Dieter Penninckx hangs around the neck of KV Mechelen like a millstone

For the umpteenth time in its existence, the Belgian tradition club KV Mechelen is in troubled water. At stake in a boardroom fight is fallen entrepreneur and KVM owner Dieter Penninckx. Indoor rooms are also asked questions about 400,000 euros that flowed from KVM to a Penninckx company.

KV Mechelen has become a crab basket due to the power play around the control of the club. The stake of the war in the boardroom is owner Dieter Penninckx. He was recently expelled from the board of directors of KVM after a remarkable demarche by the other shareholders. Penninckx – suspected of, among other things, forgery of documents at his now bankrupt fashion company FNG Group – disappeared from the management committee in September 2019. In September last year, he was replaced as chairman by minority shareholder Luc Leemans. But his staying on as owner and director and his presence in the catacombs leads to great unrest. The other shareholders expelled him from the board to placate sponsors who are threatening to leave and push him to sell his stake. That is not evident, because due to the troubles surrounding FNG Group, Penninckx is obliged to report share transactions to the court.

What preceded

KV Mechelen was convicted of bribery in 2019 in order to avoid relegation to 1B, the second division the year before. Through house broker Dejan Veljkovic, an attempt was made to ensure that opponent Waasland-Beveren would not go all out in the last league match against KVM. The bribery scandal led to a dance of chairs within the club, including co-owner Olivier Somers, who sold his shares to Dieter Penninckx. Above the club is also the broader judicial and fiscal investigation into Operation Zero concerning fraud and money laundering circuits in Belgian football.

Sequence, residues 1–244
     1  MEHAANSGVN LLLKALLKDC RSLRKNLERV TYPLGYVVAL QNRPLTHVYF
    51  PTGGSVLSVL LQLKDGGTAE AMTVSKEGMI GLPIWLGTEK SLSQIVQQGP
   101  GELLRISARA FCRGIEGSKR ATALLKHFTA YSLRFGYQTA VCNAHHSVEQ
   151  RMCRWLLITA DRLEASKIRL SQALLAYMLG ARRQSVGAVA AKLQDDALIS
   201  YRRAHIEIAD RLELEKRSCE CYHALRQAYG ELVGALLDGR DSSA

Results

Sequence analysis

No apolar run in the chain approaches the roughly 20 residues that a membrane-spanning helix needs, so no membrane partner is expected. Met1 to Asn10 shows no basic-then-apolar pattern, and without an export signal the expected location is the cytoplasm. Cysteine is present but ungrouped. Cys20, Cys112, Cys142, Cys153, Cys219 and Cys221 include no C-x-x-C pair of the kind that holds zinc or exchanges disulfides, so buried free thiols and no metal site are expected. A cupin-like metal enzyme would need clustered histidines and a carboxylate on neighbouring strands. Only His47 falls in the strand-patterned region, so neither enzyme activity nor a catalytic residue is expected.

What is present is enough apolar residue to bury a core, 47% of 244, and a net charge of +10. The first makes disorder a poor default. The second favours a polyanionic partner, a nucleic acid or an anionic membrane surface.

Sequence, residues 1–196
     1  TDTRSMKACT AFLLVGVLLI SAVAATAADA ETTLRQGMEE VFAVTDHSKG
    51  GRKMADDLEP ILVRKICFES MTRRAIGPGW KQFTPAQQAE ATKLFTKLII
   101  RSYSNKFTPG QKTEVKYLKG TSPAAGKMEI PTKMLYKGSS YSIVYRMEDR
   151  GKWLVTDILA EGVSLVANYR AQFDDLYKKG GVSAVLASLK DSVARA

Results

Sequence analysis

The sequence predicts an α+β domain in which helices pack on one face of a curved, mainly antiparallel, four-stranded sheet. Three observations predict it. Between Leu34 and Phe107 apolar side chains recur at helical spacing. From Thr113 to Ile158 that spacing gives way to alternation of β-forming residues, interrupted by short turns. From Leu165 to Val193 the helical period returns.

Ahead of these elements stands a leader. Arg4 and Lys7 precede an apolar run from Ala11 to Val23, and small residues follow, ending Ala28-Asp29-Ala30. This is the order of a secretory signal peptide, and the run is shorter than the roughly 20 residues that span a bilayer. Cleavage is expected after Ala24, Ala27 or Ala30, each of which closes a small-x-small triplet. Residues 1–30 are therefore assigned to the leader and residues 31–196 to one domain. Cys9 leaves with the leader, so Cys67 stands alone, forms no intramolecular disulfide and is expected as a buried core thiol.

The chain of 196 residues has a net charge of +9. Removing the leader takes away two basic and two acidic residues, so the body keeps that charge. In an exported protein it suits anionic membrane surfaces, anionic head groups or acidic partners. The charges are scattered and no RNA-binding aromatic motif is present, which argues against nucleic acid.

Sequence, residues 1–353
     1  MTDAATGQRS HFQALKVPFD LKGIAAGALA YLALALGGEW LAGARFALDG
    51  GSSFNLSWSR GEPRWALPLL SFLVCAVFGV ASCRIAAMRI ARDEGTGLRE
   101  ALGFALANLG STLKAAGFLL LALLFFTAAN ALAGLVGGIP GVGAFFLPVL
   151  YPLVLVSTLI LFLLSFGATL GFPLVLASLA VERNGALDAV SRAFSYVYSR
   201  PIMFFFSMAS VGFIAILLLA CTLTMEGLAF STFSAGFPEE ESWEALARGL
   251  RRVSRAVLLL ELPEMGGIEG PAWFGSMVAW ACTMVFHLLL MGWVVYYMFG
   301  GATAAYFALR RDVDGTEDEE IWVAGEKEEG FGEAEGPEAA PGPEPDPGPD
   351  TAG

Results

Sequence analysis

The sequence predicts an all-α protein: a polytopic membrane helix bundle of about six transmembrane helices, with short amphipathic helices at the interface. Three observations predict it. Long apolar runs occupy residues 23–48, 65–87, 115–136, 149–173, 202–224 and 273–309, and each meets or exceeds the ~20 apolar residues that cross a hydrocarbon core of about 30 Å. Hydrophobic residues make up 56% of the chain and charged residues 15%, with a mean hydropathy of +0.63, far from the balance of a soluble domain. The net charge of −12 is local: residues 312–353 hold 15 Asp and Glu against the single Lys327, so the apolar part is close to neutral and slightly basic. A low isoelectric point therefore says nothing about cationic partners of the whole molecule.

Penninckx is challenging his dismissal. He sent the club a letter of formal notice last week – the harbinger of a lawsuit. The stake is, among other things, a dispute about the legal interpretation of the way in which Penninckx has been voted out.

The small shareholder Edwin De Reys was previously killed in the internal war at the top. He was dismissed from the board of directors in July 2020, according to the annexes to the Official Gazette. De Reys does not wish to comment at all. Management and board member Hans Van der Biesen resigned from all his positions at the end of 2020 for private reasons.

Bribery scandal

Penninckx’s dominant position is the result of an equally traumatic event at the club. His role in a bribery scandal forced the operationally strong man Olivier Somers – the businessman who took over KVM together with Penninckx at the end of 2017 – headlong into selling his 35.6 percent share package.

As a result, the agreement had to be changed that no one at KVM is allowed to control the majority of the club. Another trauma – KVM has a turbulent history – makes the club a unique case in Belgian football. The fans control 11 percent of the shares and also sit on the board of directors. Under the impetus of well-known face Marc Uytterhoeven, they saved the club after a bankruptcy in the early 2000s. That was a result of too much dependence on one patron, a situation that the fans would prefer to avoid in the future. Only Penninckx presented itself as the only candidate buyer at the exit of Somers.